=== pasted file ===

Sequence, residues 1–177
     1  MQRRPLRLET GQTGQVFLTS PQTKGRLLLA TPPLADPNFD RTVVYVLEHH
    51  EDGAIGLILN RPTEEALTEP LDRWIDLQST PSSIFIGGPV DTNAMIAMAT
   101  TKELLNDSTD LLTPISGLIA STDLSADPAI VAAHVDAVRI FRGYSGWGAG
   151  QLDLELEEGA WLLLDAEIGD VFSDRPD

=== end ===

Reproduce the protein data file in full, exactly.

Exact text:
Sequence, residues 1–177
     1  MQRRPLRLET GQTGQVFLTS PQTKGRLLLA TPPLADPNFD RTVVYVLEHH
    51  EDGAIGLILN RPTEEALTEP LDRWIDLQST PSSIFIGGPV DTNAMIAMAT
   101  TKELLNDSTD LLTPISGLIA STDLSADPAI VAAHVDAVRI FRGYSGWGAG
   151  QLDLELEEGA WLLLDAEIGD VFSDRPD